With PNK deriving 75% of its EBITDA in Louisiana, this could signal an important slowing of the unemployment tide (LA had experienced a sharp October increase in unemployment). Even in Houston, an important feeder market for PNK’s Lake Charles operations, the rate of change stabilized in November.

The consensus view is decidedly negative so any positive delta could mean a big move in the stocks. Unfortunately, Louisiana appears to be the only remotely positive take away from the disturbing unemployment picture. Of course, the new government plans to spend like drunken sailors which could provide a temporary boost to employment. We’ll have our eye on that trade too.

Rory Green


Here is the consensus call: Short Boyd because business is terrible and they may bust a covenant or raise equity. My response to that is a) business is bad everywhere but that is “soooo consensus” and b) they have so many levers to pull that they will not bust a covenant nor raise equity.

So what are the levers?

1. Buy bonds at a discount – We’ve written on this extensively so all I will say is that BYD has bonds trading in the 60s so they can de-lever by about 20 cents (after tax) for every dollar they borrow from the credit facility to buy back bonds. If Senator Ensign delivers there will be not tax.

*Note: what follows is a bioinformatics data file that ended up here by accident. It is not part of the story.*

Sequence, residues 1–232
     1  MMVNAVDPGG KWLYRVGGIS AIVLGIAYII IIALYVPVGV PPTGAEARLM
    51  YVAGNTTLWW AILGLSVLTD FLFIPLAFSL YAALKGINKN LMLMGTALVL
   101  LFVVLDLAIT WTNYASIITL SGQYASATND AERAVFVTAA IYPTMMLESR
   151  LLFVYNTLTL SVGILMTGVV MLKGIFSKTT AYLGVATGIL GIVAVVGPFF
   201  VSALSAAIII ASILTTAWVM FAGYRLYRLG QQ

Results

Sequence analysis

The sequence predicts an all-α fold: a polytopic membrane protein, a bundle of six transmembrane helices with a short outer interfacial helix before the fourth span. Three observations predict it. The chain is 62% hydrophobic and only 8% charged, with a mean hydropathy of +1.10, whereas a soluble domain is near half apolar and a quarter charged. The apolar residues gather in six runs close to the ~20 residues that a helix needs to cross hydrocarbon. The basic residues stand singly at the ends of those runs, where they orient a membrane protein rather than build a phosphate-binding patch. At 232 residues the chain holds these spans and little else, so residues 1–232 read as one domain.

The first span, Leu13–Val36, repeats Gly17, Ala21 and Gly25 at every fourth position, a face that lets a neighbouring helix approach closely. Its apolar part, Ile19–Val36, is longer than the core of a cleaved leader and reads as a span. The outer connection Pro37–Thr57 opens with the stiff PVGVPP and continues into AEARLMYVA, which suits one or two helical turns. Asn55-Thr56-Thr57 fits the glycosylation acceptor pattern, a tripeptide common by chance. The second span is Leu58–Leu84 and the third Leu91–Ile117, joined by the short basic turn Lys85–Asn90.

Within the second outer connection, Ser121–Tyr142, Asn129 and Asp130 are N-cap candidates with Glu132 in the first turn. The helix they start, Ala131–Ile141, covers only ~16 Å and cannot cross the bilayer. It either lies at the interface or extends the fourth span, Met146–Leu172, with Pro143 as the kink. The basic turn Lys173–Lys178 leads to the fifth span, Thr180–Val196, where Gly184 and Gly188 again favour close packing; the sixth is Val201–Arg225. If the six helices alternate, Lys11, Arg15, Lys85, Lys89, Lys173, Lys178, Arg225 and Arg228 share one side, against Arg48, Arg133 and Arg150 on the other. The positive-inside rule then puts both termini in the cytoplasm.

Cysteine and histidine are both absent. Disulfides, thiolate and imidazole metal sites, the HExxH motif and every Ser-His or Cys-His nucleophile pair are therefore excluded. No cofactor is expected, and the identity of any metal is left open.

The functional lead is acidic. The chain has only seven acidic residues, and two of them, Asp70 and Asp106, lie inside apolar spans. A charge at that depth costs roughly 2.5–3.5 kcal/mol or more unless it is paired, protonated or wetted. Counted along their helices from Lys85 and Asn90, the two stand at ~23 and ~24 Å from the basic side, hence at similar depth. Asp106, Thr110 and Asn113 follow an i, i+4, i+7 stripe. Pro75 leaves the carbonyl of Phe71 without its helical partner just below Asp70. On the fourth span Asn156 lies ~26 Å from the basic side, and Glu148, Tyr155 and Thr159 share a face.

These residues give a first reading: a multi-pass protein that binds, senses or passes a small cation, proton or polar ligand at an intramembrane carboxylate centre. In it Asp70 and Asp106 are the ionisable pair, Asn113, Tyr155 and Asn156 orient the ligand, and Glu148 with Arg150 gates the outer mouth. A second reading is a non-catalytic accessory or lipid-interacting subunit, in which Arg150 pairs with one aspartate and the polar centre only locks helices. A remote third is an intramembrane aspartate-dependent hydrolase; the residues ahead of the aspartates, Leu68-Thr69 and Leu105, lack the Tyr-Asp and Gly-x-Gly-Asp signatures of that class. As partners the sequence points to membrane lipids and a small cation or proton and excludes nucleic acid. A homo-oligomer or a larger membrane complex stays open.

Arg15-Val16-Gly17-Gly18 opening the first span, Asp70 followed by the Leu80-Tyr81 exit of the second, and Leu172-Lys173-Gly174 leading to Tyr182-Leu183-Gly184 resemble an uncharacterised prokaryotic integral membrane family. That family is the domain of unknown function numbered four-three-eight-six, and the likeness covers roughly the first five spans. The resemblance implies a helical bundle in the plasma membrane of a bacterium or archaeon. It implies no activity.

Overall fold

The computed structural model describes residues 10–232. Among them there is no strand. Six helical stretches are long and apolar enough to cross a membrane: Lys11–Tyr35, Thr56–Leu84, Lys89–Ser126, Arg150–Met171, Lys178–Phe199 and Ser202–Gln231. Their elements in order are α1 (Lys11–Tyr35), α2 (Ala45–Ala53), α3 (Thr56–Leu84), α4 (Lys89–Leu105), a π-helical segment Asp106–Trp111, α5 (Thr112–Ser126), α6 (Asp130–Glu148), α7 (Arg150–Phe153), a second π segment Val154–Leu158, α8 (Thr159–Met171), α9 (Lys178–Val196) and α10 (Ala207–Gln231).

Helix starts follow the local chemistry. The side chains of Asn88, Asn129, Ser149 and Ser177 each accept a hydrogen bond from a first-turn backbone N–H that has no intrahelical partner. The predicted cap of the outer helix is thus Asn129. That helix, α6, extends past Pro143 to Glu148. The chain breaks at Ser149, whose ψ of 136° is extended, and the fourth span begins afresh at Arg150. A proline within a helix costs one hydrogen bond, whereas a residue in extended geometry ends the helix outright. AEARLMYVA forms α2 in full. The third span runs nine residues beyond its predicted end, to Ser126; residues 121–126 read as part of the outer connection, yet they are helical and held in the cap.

2. Cut costs – I think BYD has been very aggressive in this area and we should see it show up in their Q4 margins. Revenues are challenged but again that is the consensus view.
3. Cut Capex – Slots can wait. So can growth capex.

Management seems remarkably complacent about the covenant situation which leads me to believe that: a) recent results are better than expected, b) cost cutting is ahead of plan, c) capex is lower than projected, d) enough discounted bonds were bought back earlier in Q4 to appropriately de-lever. On a very positive note, an equity raise is not under consideration.